Vanguard quits climate alliance in blow to net zero project

Vanguard is pulling out of a major financial alliance to fight climate change at a time when Republicans in the US have stepped up their attacks on financial institutions that they say are against fossil fuels.

With $7.1tn under management and more than 30mn clients as of October 31, Vanguard is the second largest global fund manager after BlackRock. The group said on Wednesday that it was resigning from the Net Zero Asset Managers initiative, whose members had committed to zero carbon emissions by 2050.

Vanguard, a cross-border fund that tracks market indices, said the coalition’s strong commitment to fighting climate change has led to “confusion about the way investment companies think about one another.” “one”.

“We have decided to draw on NZAM to be able to provide our investors with a clear understanding of the role of investment funds and how we think about property risks, including climate-related risks – and to make it clear that Vanguard speaks independently on matters of importance to our investors,” the Pennsylvania company said in a statement.

Also Read :  European Business Leaders Confident Despite Current Headwinds But Risk Underinvesting in Technology for Long-Term Growth, Accenture Report Finds

NZAM was established in December 2020 and has 291 members managing $66tn in assets as of November. Last year NZAM joined the climate finance industry, the Glasgow Financial Alliance for Net Zero (Gfanz) at its launch last year under Mark Carney, former governor of the Bank of England. Vanguard will leave both groups.

In a statement, NZAM said Vanguard’s decision was regrettable.

“It’s unfortunate that political pressure is affecting this very important economy and trying to prevent companies from managing risk effectively,” said Kirsten Snow Spalding of Ceres, an investment group and said an environmental group and partner of NZAM.

Many of the world’s leading asset managers belong to NZAM, including BlackRock, State Street, JPMorgan Asset Management and Legal & General. Notable places include Fidelity Investments and Pimco, both based in the US.

Vanguard said the project has been in the works for months. It will continue to offer products that use the environment, social relations and management control and free products to investors who want them. Vanguard will still ask the companies it invests in how they plan to address climate risk.

Also Read :  In NIL era, business is good for college hoops returnees

Last month, a group of Republican lawmakers asked the Federal Energy Regulatory Commission not to renew Vanguard’s right to buy shares in US utilities. They cited his NZAM membership as evidence that he was trying to influence corporate policy rather than being a disaffected investor.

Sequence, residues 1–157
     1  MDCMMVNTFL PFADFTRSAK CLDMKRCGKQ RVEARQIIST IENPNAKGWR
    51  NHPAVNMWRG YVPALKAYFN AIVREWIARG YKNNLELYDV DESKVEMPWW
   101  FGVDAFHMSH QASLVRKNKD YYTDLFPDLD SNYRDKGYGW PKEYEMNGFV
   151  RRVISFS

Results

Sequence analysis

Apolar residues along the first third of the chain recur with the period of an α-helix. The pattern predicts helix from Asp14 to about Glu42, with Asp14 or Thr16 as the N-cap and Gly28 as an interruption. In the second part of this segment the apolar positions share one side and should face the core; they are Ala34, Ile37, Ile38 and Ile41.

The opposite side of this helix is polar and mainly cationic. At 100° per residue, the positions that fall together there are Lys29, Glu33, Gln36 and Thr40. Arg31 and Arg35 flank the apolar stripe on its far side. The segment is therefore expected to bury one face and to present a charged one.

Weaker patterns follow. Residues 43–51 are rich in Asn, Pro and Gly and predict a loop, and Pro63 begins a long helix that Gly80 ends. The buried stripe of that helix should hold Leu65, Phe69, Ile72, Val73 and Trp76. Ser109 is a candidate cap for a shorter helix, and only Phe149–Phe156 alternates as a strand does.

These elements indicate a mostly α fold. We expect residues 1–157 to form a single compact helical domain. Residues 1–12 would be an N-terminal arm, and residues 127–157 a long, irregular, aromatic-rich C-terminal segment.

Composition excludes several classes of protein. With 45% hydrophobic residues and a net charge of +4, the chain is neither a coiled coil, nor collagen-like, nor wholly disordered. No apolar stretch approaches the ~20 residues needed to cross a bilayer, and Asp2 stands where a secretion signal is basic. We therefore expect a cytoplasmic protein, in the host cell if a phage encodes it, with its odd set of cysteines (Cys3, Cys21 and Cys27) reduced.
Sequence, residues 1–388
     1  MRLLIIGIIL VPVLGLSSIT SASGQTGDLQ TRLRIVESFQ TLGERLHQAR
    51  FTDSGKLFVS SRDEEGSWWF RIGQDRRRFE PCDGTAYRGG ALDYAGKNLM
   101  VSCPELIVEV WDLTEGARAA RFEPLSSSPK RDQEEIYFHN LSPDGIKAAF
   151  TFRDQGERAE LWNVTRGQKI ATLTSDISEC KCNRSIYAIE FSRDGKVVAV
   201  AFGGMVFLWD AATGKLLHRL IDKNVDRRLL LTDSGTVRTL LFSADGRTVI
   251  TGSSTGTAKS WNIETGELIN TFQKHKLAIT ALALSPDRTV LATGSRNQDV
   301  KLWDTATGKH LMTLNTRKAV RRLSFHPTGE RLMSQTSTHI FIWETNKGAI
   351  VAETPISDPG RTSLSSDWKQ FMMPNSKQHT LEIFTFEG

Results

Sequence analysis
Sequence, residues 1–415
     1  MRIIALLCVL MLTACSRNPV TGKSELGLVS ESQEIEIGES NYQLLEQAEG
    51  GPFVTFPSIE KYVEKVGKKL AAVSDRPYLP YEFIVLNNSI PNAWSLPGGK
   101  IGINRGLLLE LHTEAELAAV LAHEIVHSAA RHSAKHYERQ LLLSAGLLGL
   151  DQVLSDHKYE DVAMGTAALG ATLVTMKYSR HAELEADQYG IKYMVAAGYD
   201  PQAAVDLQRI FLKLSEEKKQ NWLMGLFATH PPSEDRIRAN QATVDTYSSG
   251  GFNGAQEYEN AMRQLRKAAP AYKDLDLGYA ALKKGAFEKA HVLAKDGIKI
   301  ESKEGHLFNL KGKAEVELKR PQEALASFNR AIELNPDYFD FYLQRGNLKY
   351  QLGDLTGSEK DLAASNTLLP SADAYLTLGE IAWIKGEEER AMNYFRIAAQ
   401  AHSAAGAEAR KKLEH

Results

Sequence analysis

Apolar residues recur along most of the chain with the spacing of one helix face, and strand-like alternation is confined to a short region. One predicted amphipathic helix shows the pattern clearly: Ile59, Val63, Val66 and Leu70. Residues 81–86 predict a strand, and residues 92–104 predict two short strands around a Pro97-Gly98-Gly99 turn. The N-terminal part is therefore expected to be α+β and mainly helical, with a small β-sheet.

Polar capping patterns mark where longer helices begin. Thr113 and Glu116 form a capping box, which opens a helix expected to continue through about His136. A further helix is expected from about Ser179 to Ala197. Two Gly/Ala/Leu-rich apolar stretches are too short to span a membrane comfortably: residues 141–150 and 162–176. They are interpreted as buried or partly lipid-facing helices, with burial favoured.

The move is part of a broader attack by Republicans on ESG investing. Several Republican states have removed funds from other investment accounts from BlackRock, which under CEO Larry Fink has expressed the need to take climate change into account in investing. Texas comptroller Glenn Hegar said the NZAM group was one of the factors he used to compile a list of companies he accused of “dumping” fossil fuels.

Republican state attorneys general also want Bank of America, Citigroup, Goldman Sachs, JPMorgan Chase, Morgan Stanley and Wells Fargo to turn over information about Gfanz’s banking involvement.

Also Read :  Latine Heritage Month will feature an assortment of events on campus and in the community - VCU News

The environmental group filed a second lawsuit against Vanguard after the announcement.

Jessye Waxman, the non-profit Sierra Club’s campaign manager, said: “Vanguard is not essential to climate risk reduction. For Vanguard, “joining NZAM is just an exercise in greenwashing”.

At least two pension funds, Cbus Super and Bundespensionskasse, have left Gfanz’s private equity division, while investment manager Meketa has left another division. Several Wall Street banks, including JPMorgan Chase, Morgan Stanley and Bank of America, threatened to pull out over the summer because they were worried they would be sued for making tough decisions.

Gfanz responded by undermining his commitment to the UN climate goals that called on members to reduce their greenhouse gas emissions by 2030.

Climate capital

Where climate change meets business, marketing and politics. Check out the FT’s coverage here.

Are you interested in FT’s FT Environment Support Commitment? Find out more about our scientific mission here

Source

Leave a Reply

Your email address will not be published.